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Sunday, May 18, 2014

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The point about ‘character’ versus ‘sense’ is well-made. But, at least in fiction, it is clear that this ‘character’ is rule-determined. Consider

There is a person called ‘Frodo Baggins’ in LOTR.
Frodo is a hobbit.
There is a another person called ‘Frodo Baggins’ in Ohio.
Frodo is not a hobbit.

Note the two token sentences in bold. If they occurred sequentially, with the introductory indefinite sentences, they would be inconsistent: they could not both be true. However, ‘in context’, they can both be true. But ‘in context’ does not mean that the inference is not rule-governed, only that the rules are more complex than for a simple two-sentence syllogism.

>> Consider the song Carmelita about an apparently purely fictional character named 'Carmelita.' That name carries the sense 'female.'<<

John Stuart Mill considers a similar argument about the name ‘John Smith’, namely that it connotes being Anglo-Saxon. But he says that there are many non-white people called by that name. And the ‘sense’ of being Anglo-Saxon, or male, does not impact the truth-value. A woman can change her name to ‘John’ if she wants. Or a boy can be called ‘Sue’, no? Frege makes a similar point about the word ‘but’. It has a different meaning to ‘and’, but this does not impact truth-value. He calls this ‘tone’, I think.

>>This argument seems OK in relation to empty names. Do you mean it to apply to non-empty names as well?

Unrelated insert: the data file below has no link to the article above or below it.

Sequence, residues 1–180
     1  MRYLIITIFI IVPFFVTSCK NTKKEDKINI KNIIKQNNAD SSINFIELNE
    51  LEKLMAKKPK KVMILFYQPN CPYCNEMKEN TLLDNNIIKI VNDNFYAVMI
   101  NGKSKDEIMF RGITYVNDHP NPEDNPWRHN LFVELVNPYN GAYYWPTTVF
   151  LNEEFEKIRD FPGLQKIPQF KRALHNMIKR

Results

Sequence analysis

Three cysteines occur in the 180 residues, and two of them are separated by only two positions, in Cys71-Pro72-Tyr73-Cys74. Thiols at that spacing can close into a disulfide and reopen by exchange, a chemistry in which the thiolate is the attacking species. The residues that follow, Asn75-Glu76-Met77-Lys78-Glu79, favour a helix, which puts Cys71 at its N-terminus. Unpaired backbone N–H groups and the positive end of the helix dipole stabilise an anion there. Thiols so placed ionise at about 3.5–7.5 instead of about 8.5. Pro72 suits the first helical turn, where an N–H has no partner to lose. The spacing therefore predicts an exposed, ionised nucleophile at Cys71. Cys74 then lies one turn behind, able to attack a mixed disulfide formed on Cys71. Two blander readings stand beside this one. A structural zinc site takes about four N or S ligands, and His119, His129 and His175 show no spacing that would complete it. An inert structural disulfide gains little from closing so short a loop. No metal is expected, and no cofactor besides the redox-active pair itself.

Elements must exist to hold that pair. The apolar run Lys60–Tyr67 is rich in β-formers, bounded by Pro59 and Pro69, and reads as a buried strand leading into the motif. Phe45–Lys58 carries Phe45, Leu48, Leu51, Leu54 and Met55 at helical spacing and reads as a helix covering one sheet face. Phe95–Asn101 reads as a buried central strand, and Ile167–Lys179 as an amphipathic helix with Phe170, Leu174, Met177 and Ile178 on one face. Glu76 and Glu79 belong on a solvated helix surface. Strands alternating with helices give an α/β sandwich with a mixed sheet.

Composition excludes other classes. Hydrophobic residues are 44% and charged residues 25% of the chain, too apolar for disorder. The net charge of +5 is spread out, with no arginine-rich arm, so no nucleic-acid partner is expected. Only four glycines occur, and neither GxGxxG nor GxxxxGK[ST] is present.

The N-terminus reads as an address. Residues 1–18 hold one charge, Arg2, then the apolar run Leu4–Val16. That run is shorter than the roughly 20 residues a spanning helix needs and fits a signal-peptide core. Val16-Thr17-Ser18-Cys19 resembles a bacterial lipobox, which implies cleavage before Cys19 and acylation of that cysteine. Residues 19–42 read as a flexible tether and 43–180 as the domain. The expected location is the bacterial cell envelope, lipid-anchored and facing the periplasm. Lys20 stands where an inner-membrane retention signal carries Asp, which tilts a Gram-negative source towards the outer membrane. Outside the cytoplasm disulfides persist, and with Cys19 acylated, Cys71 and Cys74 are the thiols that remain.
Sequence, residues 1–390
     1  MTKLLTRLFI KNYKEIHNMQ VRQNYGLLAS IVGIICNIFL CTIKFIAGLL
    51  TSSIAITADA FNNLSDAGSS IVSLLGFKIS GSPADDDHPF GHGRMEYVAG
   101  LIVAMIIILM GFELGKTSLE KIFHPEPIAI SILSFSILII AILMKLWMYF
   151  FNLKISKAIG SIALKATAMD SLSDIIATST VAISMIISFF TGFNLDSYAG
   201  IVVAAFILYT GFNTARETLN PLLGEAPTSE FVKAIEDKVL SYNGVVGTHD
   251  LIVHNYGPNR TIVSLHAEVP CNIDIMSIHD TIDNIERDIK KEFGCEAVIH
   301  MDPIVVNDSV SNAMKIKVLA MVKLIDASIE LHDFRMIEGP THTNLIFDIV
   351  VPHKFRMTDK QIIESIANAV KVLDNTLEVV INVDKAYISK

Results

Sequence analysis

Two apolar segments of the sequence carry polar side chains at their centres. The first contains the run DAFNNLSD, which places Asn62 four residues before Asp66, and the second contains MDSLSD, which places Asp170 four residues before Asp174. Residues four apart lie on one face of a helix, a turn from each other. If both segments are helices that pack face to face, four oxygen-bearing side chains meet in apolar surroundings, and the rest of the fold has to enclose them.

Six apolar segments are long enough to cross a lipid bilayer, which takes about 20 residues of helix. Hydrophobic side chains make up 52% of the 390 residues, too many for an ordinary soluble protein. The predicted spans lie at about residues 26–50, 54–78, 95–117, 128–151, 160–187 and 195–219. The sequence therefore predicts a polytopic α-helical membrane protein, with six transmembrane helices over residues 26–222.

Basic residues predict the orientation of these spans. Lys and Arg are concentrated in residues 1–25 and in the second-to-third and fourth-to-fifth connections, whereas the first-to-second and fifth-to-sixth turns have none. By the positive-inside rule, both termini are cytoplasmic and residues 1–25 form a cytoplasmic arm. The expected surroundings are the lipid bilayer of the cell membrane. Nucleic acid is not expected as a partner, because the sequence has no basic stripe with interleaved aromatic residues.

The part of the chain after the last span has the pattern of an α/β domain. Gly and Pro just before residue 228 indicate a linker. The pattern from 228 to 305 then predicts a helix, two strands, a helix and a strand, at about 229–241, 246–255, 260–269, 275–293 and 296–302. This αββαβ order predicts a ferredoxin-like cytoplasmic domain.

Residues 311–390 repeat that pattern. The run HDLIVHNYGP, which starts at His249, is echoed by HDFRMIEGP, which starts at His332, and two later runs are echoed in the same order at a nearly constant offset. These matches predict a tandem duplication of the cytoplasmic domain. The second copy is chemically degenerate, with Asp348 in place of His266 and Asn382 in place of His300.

The argument is meant initially to apply to empty proper names. It is the first step in a longer sequence of arguments, which I omit here. I.e. start with empty proper names. Then (argument not given here) move to non-empty names.

Ed, You characterise the role of proper names as one of individuation. I'm not sure about this. I would say it is more one of identification, as when you say that a name tells us which individual is being described, or whose description is to be augmented. Surely the individuating role is played by the articles 'a' and 'another', as in your example, There is a hobbit called 'Frodo'. There is another hobbit called 'Frodo'. If proper names were sufficient for individuation how could we even understand that there could be two Frodos? We would not be able to formulate the problem of the two Frodos, and its implications for logic. Something more must be going on.

>> If proper names were sufficient for individuation how could we even understand that there could be two Frodos?